General Organization of Programs
The project is designed with 2D studio spaces on the second floor, where they can benefit from natural daylight, and 3D studios and supporting workshops on the lower level, to accommodate large tools and facilitate the movement of heavy materials. 4D program areas are equipped with state-of-the-art digital media technologies. The multidisciplinary space draws students from art, theatre and music departments, as well as mathematics, social sciences, physics and others, using digital media as a bridge between diverse areas of study. The program elements are comprised of teaching classrooms, preproduction and editing studios and a central screening room. Given the natural crossover between the digital photography and the work being done in the 4D studios, these teaching spaces are placed in close proximity.
Wide corridors and a high capacity service elevator connect all of the studios into one large program neighborhood and provide easy access to all shared workshop spaces. Noise levels are carefully considered, and special attention is paid to sound isolation between shops, offices, classrooms, theaters, and highly sensitive sound recording spaces. The facility also includes three types of performance space designed around Hamilton’s pedagogy: the ‘Teaching Studio,’ where acting is taught, the ‘Lab,’ where ideas are tested and the ‘Flexible Theatre,’ the space where larger scale theatrical productions are performed.
The two-story structure is steel framed with concrete-filled metal pan slab construction. A site cast concrete basement, housing mechanical equipment and storage, occupies less than half of the buildings footprint. The remainder of the building is built as slab-on-grade with perimeter site cast concrete frost wall foundations.
The building is clad in two primary materials, alcove bluestone and ultra-high performance concrete (UHPC) panels, and incorporates an expansive 400’ curtain wall to open the entire building to views of the lawn and pond. The regional alcove bluestone, used as an exterior and interior cladding material for the two largest theatres, was quarried nearby at NY State Quarries and was the material that was used to build large sections of the Erie Canal. These large stones were laid in an ashlar pattern as part of a cavity wall construction that included Roxul insulation outside of a continuous and fully adhered air, vapor and water barrier membrane. The backup wall was built with fiberglass faced gypsum sheathing on light gage metal studs. The UHPC panels (manufactured by TAKTL in Pittsburg, PA) were custom designed by MSA with a tapered fluting which opens from bottom to top to expose an abstracted tree pattern on the recessed surface. These panels are installed as a vented rain screen, hung off aluminum girts. The backup wall for this assembly includes Roxul insulation over a fully adhered membrane on a fiberglass faced sheathing and metal studs.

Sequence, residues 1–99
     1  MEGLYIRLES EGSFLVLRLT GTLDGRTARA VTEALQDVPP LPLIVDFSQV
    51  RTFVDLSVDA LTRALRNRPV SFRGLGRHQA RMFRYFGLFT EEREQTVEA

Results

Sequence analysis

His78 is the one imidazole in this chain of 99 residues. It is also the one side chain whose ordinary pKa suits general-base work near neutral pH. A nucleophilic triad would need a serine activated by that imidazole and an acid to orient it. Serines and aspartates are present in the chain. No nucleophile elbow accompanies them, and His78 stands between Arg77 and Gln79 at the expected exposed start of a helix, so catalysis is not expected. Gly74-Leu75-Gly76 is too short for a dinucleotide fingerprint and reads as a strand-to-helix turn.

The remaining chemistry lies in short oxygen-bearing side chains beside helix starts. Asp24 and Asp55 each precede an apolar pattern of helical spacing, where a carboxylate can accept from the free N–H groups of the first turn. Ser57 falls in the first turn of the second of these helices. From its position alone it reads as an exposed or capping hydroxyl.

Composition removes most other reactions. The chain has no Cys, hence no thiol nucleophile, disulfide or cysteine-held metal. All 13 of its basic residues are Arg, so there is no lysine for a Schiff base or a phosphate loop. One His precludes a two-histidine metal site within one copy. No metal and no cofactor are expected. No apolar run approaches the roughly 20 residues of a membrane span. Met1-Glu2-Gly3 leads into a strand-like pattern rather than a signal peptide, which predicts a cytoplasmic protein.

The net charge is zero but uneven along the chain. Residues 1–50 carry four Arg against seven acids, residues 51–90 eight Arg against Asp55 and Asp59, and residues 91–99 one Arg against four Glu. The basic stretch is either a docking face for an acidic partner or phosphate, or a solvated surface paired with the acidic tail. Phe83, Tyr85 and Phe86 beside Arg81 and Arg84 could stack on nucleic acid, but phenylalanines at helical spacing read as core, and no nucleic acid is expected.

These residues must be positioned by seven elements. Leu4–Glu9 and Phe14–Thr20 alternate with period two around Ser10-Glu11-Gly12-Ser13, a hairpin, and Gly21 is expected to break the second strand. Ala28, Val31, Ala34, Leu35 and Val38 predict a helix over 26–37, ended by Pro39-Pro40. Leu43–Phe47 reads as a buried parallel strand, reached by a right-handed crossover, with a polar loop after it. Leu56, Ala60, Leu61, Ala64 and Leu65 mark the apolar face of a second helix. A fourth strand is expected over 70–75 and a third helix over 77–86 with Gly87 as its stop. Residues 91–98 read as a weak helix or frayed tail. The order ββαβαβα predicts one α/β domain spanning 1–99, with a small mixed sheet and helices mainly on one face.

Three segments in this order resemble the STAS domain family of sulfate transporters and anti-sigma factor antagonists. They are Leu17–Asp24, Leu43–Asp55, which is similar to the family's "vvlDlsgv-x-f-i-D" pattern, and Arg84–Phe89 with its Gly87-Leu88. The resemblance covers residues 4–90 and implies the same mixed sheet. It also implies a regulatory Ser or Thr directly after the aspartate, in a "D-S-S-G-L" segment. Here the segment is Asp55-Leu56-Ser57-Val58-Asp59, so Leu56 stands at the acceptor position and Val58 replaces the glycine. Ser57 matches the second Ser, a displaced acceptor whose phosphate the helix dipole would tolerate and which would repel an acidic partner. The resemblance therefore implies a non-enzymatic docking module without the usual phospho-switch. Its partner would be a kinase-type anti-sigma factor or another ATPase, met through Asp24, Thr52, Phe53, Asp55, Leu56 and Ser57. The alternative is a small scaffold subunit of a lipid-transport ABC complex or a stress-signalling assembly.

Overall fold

Flat roofs are sloped with tapered polyisocyanurate insulation to internal drains. High efficiency diffusing skylights and internal coffered ceilings are used to reduce energy costs and provide natural, even lighting over the major studio spaces. Skylights in the painting and drawing studios are equipped with motorized blackout shades to provide the rooms with full blackout capability for the projection of images and the staging of still life and model scenes.
The project uses Kawneer insulated glass curtain walls with thermally broken frames, warm edge spacers and argon filled cavities to maximize thermal performance. Windows into offices, classrooms, workshops and other program spaces are typically operable aluminum frame window units. All glass is low iron with UV resistant coatings. All studio spaces and classrooms are equipped with motorized shades to control light. Sliding panels in the drawing studio block light and provide a continuous pinup surface along the exterior wall when closed.
Workshop and studio spaces require high ventilation rates and large quantities of fresh air. Mechanical systems are designed to provide the highest level of safety for students and faculty while taking advantage of all opportunities for energy conservation. CO2 and motion sensors, as well as manual user overrides, are used to modulate ventilation rates in response to building occupancy and actual ventilation needs. The building uses heat recovery units to draw energy off of exhausted air and systems are designed to maximize the benefits associated with the diversity of ventilation rates and heating and cooling needs within the project at any given time. All lighting in the project is controlled off of a Lutron system to optimize energy use.